Etymology
Advertisement
piece (v.)

c. 1400, pecen, "to mend (clothing) by adding pieces," from piece (n.1). Sense of "to join, unite or reunite, put together again" is from late 15c. Related: Pieced; piecing.

Related entries & more 
Advertisement
piece (n.2)

"a person, an individual," c. 1300, from piece (n.1), but in modern use contemptuous and commonly of women; the meaning "person regarded as a sex object" is by 1785. Compare piece of ass under ass (n.2); human beings colloquially have been piece of flesh from 1590s; also compare Latin scortum "bimbo, anyone available for a price," literally "skin."

PIECE. A wench. A damned good or bad piece; a girl who is more or less active and skilful in the amorous congress. Hence the (Cambridge) toast, may we never have a PIECE (peace) that will injure the constitution. [Dictionary of Buckish Slang, University Wit and Pickpocket Eloquence, London, 1811] 
Related entries & more 
piece (n.1)

c. 1200, pece, "fixed amount, measure, portion;" c. 1300, "fragment of an object, bit of a whole, slice of meat; separate fragment, section, or part," from Old French piece "piece, bit portion; item; coin" (12c.), from Vulgar Latin *pettia, probably from Gaulish *pettsi (compare Welsh peth "thing," Breton pez "piece, a little"), perhaps from an Old Celtic base *kwezd-i-, from PIE root *kwezd- "a part, piece" (source also of Russian chast' "part"). Related: Pieces.

Meaning "separate article forming part of a class or group" is from c. 1400; that of "specimen, instance, example" is from 1560s. Sense of "portable firearm" is from 1580s, earlier "artillery weapon" (1540s). The meaning "chessman" is from 1560s. Meaning "a period of time" is from early 14c.; that of "a portion of a distance" is from 1610s; that of "literary composition" dates from 1530s.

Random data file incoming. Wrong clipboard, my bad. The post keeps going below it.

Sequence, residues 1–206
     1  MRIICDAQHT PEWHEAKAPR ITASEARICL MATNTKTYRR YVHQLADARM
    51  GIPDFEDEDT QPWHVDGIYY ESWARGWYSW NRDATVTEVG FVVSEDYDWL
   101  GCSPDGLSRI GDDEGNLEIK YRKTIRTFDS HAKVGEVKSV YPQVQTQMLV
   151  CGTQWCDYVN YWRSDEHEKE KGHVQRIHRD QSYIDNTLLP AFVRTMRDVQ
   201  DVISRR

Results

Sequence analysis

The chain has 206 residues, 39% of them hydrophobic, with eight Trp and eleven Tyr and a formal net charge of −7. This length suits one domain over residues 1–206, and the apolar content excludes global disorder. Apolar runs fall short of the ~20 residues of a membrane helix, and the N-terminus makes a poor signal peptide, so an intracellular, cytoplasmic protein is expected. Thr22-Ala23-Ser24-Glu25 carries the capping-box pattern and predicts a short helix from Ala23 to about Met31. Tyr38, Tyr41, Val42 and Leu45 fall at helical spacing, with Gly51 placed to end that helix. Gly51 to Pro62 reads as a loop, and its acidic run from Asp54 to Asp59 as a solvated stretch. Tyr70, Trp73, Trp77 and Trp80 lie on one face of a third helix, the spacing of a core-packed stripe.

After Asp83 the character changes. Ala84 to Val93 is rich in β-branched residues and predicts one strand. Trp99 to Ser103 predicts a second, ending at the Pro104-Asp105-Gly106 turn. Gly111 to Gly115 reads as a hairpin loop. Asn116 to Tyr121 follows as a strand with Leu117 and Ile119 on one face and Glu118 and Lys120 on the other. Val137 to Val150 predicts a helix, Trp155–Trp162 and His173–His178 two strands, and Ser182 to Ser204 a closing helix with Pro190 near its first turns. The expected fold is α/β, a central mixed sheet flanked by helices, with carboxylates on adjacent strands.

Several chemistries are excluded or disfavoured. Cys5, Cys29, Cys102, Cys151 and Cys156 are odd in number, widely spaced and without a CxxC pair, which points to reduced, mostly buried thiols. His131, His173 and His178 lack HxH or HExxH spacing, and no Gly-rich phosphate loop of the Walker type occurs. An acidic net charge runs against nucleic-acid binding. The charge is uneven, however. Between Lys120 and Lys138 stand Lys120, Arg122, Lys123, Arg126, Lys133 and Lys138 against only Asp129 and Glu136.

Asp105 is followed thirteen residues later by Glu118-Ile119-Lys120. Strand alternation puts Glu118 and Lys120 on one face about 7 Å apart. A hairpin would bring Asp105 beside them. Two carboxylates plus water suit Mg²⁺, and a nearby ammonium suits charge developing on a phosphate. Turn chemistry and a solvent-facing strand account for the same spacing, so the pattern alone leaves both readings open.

Piece of (one's) mind "one's opinion expressed bluntly" is from 1570s. Piece of work "remarkable person" echoes Hamlet. Piece as "a coin" is attested in English from c. 1400, hence piece of eight, old name for the Spanish dollar (c. 1600) of the value of 8 reals and bearing a numeral 8. Adverbial phrase in one piece "whole, undivided, without loss or injury" is by 1580s; of a piece "as of the same piece or whole" is from 1610s.

Related entries & more 
material (adj.)

mid-14c., "real, ordinary; earthly, drawn from the material world" (contrasted with spiritual, mental, supernatural), a term in scholastic philosophy and theology, from Old French material, materiel (14c.) and directly from Late Latin materialis (adj.) "of or belonging to matter," from Latin materia "matter, stuff, wood, timber" (see matter (n.)).

From late 14c. as "made of matter, having material existence; material, physical, substantial." From late 15c. as "important, relevant, necessary, pertaining to the matter or subject;" in the law of evidence, "of legal significance to the cause" (1580s).

Related entries & more 
material (n.)

late 14c., "component substance, matter from which a thing is made," from material (adj.).

Related entries & more 
Advertisement
eye-piece (n.)

also eyepiece, "the lens or combination of lenses to which the eye is applied in an optical instrument," 1738, from eye (n.) + piece (n.1).

Related entries & more 
cod-piece (n.)

also codpiece, mid-15c., in male costume c. 1450-1550, a bagged appendage to the front of close-fitting breeches, "often conspicuous and ornamented" [OED], from Old English codd "a bag, pouch, husk," in Middle English, "testicles" (cognate with Old Norse koddi "pillow; scrotum") + piece (n.1).

Related entries & more 
piece de resistance (n.)

"most important piece or feature," 1831, from French pièce de résistance, originally "the most substantial dish in a meal." Literally "piece of resistance;" there seems to be disagreement as to the exact signification.

Related entries & more 
patch (n.1)

"piece of cloth used to mend another material," late 14c., pacche, of obscure origin, perhaps a variant of pece, pieche, from Old North French pieche (see piece (n.1)), or from an unrecorded Old English word (Old English had claðflyhte for "a patch").

Meaning "portion of any surface different from what is around it" is from 1590s. That of "small piece of ground," especially one under cultivation, is from 1570s. As "small piece of plaster used on the face," to cover blemishes or enhance beauty is from 1590s. Phrase not a patch on "nowhere near as good as" is from 1860.

Related entries & more